Pan-tilt-zoom (PTZ) cameras are common in large conference rooms. A variety of manufacturers offer these types of cameras. Your video conferencing platform may dictate the camera needed, or LightWerks will specify one of the preferred camera solutions.

5. Control Panel

The control panel acts as your control center for the whole conference room audio visual system. Finding an easy-to-use, well thought-out control panel is important to your success in operating your conferencing room.

The user interface on the control panel is critical. It should be simple for employees to enter the conference room and connect to video calls or launch presentations. The systems allow you to transition from a screen sharing presentation to video conferencing, all with a single touch.

Companies like Crestron and Extron develop hardware for systems control. Both offer excellent conference room solutions with the right programming. The control system must be programmed to work with all of your conference room equipment – displays, microphones, speakers, cameras, wireless screen sharing, etc.  Lighting can also be controlled via these panels.  Our programmers at LightWerks have expertise in programming touch panel control systems.  We can even customize the interface of your control panels with your company’s branding. Certified in Crestron and Extron, we can save you a big headache when it comes time to put it all together!

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6. Connectivity

Connecting devices to a conference space can be accomplished through a wired connection, wirelessly, or a combination of both wired and wireless. Both wired and wireless connectivity have their pros and cons, and ultimately it will come down to a matter of personal preference.

Many people prefer wireless connectivity simply because it eliminates the clutter of cords.  Alternatively, table inserts can discretely conceal wired connectivity that would typically provide a higher-quality and more stable presentation experience.

Connected table boxes can also include electrical outlets and USB connectivity for charging devices, or a wired connection for plug and play. If you want to be able to screen your share without plugging in, a wireless connectivity solution may be the right choice for you.

7. Interactive Whiteboards

Interactive displays offer users the opportunity to collaborate and add content to presentations.   If you host brainstorming sessions in your office or work with people that are visual learners (around 65% of people), an interactive display can be a valuable tool to add to your system of conference room equipment. Interactive displays, such as  BenQ,  NewLine, and SMART allow users to write directly on the board in various colors, annotating over web pages or documents.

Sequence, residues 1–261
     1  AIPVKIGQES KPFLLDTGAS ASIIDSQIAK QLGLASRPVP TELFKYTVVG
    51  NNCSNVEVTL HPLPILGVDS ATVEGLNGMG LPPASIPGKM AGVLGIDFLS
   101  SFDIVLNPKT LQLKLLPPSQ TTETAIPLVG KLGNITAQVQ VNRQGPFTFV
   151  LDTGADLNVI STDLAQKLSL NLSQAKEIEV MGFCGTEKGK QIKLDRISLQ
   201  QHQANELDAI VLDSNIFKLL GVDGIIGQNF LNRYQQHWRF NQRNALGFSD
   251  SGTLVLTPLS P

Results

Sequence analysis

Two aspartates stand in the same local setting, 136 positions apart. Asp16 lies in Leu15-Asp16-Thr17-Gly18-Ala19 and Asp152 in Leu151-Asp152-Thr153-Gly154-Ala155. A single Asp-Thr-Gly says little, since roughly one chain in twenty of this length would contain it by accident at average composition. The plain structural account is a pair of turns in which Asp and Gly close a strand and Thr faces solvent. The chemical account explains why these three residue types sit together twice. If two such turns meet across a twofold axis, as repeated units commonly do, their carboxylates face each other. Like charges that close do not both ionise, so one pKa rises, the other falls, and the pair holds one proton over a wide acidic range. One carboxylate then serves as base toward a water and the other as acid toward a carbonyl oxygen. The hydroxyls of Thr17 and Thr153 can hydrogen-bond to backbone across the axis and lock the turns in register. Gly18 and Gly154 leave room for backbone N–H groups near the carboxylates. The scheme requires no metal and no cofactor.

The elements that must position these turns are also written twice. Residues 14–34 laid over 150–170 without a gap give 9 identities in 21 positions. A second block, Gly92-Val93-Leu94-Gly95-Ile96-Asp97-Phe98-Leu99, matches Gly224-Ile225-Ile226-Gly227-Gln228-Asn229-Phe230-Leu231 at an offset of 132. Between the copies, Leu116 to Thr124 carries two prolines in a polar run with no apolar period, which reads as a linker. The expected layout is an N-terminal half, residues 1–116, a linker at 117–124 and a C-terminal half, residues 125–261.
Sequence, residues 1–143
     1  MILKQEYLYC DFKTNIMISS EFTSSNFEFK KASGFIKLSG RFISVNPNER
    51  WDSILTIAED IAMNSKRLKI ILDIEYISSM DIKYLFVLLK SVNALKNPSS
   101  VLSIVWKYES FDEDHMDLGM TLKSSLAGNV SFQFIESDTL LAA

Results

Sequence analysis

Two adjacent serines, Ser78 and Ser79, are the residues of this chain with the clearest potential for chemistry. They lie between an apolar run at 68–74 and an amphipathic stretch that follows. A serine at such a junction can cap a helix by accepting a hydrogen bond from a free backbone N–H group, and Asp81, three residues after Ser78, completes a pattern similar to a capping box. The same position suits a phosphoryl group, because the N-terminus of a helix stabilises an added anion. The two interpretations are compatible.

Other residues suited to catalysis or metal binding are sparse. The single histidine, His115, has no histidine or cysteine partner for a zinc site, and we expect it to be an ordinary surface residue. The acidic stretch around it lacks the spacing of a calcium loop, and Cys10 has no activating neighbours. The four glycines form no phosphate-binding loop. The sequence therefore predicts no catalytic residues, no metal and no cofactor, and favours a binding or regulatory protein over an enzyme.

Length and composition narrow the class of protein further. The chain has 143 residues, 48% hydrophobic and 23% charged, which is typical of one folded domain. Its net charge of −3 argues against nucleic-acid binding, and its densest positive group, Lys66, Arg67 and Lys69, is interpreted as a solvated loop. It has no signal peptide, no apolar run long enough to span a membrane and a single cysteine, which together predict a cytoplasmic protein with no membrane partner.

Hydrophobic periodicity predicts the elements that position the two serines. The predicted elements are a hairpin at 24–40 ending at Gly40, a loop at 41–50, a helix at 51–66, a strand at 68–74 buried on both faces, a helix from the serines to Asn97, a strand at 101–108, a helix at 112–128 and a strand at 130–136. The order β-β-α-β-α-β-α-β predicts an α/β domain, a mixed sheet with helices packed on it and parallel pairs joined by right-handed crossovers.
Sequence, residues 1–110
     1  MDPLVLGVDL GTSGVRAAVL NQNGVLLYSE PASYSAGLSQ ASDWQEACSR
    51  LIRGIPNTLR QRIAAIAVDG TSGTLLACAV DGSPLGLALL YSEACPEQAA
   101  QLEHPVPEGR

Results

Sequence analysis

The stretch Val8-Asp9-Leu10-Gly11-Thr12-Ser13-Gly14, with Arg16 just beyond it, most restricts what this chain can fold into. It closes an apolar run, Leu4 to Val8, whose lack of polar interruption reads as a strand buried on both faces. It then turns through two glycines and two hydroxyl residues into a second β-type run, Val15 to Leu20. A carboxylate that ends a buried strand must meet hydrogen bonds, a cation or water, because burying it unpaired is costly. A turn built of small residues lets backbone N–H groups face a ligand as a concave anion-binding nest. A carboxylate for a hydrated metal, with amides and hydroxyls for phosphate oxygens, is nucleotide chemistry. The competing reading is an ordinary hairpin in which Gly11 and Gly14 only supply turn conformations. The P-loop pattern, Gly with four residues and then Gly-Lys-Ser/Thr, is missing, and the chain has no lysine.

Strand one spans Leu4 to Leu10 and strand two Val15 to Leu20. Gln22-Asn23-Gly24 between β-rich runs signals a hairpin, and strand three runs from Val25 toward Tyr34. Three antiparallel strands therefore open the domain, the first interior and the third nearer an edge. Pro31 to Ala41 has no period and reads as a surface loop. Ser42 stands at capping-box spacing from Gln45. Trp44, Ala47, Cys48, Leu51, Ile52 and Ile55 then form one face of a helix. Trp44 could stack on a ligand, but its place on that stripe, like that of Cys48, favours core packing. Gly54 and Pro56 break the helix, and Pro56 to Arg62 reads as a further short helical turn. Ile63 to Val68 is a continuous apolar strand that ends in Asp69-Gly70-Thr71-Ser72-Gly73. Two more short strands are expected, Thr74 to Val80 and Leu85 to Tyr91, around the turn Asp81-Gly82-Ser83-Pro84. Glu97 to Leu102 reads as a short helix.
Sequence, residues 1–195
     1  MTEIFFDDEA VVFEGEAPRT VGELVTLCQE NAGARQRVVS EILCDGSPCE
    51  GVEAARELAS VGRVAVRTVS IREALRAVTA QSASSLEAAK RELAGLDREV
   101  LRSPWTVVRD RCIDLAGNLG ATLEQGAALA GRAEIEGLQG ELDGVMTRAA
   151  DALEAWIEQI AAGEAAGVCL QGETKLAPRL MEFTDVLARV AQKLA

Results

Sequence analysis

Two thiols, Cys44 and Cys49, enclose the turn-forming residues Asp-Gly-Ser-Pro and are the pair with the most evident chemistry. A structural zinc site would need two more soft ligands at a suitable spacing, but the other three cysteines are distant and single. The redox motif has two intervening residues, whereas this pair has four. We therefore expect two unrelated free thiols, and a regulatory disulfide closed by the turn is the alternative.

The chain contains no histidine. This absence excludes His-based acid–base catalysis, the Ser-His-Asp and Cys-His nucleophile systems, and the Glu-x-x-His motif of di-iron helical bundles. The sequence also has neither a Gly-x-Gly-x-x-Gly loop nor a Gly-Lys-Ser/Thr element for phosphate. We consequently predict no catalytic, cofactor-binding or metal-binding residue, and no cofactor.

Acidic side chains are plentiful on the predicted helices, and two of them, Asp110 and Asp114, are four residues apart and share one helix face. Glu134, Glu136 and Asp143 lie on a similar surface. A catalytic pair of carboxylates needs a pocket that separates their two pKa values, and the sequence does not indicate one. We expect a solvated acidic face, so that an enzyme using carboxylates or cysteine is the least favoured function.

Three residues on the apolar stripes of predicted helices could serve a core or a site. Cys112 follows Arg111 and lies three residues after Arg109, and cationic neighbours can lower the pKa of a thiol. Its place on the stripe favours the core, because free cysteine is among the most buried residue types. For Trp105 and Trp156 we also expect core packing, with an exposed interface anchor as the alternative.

In addition, video conferencing platforms such as Zoom enable users to whiteboard while on the call, and share to other participants in real-time or after the conference has completed. In other words, users in different locations can simultaneously contribute to a shared whiteboard space. This can add value if your employees present over video conferencing, and can create a more engaging experience for the others on the call.

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8. Room Scheduling

Just outside of the conference room door is an opportunity to increase efficiency and gain valuable analytics.  Room scheduling touch screens provide a robust productivity tool for organizations with multiple conference rooms and meeting spaces. Mounted on the wall outside each room, they allow anyone to see at-a-glance if a room is available or in use, and view details about the current meeting. Upcoming meetings and open time slots are clearly displayed on a scrolling calendar ribbon, and users can even reserve a room right on the spot from the touch screen.

Crestron’s room schedulers, for example, can feature both a touch-panel display which is installed outside the room as well as an LED that lights up red or green depending on the room’s availability.  The room scheduler automatically goes red when the room is booked and stays green when available. This allows passerby’s to quickly see which spaces are available for an impromptu meeting.

Built-in software directly connects to most popular calendaring platforms such as Microsoft and Google. Employees can easily schedule a meeting room by inviting the room just like they would invite a colleague. Open architecture allows you to run applications like teem, Robin, and appspace.

Moving into the hybrid future, leaders and IT decision makers will need to consider their video capabilities and how they can maximize their collaborative efforts and increase their efficiency . LightWerks can help with that. Contact us at LightWerks today or fill in the form below for more information on what we can do for your organization!